Part of our continuing problem with the Scottish media is its inability to play with a straight bat.
Today, they have an article up whose headline and basic premise are about as fundamentally dishonest as any you’ll ever see. They relate, of course, to the goal we scored in midweek, the one that some of them have been furiously stamping their feet over.
“Jota Celtic winner at Pittodrie won’t decide Rangers title fight as former refs weigh in on Willie Collum call” screams the headline, and it’s a remarkably stupid one as I don’t know a single person who thought that it would, especially with a dozen games left.
The whole article is based on the idea that it’s a shocker of a decision, and they’ve drafted in Steve Conroy, who I talked about earlier in the week and the way he didn’t want to be seen to give us any benefit of the doubt, and Des Roache to say that Jota’s goal shouldn’t have been allowed. Note that there are other former officials who say that it was a correct decision, but their views might have upset the narrative this desperate paper is trying to push.
If I had to pick a favourite line in the article it would be this one;
“Many Rangers fans and pundits reckon Celtic got lucky at Pittodrie on Wednesday night.”
You’ll notice that it feebly attempts to separate the two – Ibrox fans and pundits – as if there were much difference in the eyes of many of us, and when it comes to the author of the piece in question – Lindsay Herron, the author of the semi-fictional “Rangers: The Journey Part One” and who has spent a career covering his favourite club – there is no difference whatsoever.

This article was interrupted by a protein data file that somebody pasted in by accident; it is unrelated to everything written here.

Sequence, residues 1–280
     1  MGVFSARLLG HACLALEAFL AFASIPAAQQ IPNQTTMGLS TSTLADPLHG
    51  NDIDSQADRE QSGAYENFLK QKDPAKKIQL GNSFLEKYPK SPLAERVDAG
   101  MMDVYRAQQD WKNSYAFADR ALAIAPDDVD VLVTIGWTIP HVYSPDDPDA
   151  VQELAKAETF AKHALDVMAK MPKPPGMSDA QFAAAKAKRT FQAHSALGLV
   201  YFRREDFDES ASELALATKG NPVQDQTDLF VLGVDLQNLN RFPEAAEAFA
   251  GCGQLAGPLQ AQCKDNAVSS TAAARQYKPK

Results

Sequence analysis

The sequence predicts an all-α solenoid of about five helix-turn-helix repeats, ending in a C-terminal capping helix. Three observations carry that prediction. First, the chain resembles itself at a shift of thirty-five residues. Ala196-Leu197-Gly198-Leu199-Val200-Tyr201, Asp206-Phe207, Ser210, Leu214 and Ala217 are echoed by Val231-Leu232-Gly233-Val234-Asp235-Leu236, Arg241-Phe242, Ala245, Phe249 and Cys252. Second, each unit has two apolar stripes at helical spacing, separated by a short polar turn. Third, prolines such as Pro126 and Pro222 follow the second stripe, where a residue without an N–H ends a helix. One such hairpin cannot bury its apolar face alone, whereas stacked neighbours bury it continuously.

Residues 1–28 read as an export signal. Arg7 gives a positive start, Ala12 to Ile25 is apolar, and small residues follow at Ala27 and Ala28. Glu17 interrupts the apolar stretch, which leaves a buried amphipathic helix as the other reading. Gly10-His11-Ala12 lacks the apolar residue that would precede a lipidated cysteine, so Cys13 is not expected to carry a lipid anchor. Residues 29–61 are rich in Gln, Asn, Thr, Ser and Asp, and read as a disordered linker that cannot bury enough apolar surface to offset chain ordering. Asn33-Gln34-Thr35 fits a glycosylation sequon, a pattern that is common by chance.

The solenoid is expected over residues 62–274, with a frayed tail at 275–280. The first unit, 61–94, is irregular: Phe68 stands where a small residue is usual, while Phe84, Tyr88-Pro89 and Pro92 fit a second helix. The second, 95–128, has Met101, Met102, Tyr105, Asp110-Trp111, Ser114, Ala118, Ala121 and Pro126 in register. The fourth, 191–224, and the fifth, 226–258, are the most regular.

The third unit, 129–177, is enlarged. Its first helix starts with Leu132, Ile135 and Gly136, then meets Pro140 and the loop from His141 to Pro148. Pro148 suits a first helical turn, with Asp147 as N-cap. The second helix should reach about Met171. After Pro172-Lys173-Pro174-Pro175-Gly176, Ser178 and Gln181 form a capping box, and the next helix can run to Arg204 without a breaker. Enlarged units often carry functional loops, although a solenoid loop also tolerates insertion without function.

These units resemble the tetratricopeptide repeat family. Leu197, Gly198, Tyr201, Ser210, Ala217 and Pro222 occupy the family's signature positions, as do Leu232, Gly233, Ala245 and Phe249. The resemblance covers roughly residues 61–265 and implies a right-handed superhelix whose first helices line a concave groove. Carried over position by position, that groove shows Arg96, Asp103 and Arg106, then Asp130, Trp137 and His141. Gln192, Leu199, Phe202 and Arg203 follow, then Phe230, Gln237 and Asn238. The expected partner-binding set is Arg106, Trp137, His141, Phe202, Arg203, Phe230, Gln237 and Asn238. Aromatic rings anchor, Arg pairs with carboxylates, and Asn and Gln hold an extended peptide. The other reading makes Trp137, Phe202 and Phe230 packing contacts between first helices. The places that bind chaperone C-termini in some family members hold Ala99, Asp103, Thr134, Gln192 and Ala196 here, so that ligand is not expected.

If you polled the Ibrox supporters – which I assume is who he means – you’d find they believe a lot more than that.
These are the clowns who scare themselves thinking about the omnipotence of the Unseen Fenian Hand and think the government’s Omicron response was designed to help Celtic … so it’s not exactly the proof of a strong argument to base it on their mad fantasies.
All of this is increasingly deranged.
It doesn’t matter how many Kris Boyd’s or Steve Conroy’s they drag out of the woodwork; the game is over; the points are in the bag. I also find the focus on these particular controversies, and not others, to be brazenly dishonest, although I suppose it’s part of the point.
Because, after all, if you are focussed on this then you aren’t looking at the penalty Hibs didn’t get or the goal we should have gotten but which was flagged for offside.
As far as I’m concerned once you accept that the Jota one which would have made it 3-0 should have counted then the whole argument over whether our winner should have becomes a bit of a dead rubber.
Again, though, that would deprive them of their manufactured controversy and all the nonsense that goes with it.
On top of that, I thought there were aspects of the referee’s performance which should have been given more attention than they were, such as his decision to allow the thuggish ex-Ibrox player McCrorie do pretty much as he pleased all night.
But the leniency being shown to players who seem almost morbidly determined to leave the boot in on our stars every chance they get isn’t a new phenomenon; we’ve been seeing it all season long, and it still doesn’t get a fraction of the attention which has been given to a handful of decisions which have gone Celtic’s way over the course of this campaign so far.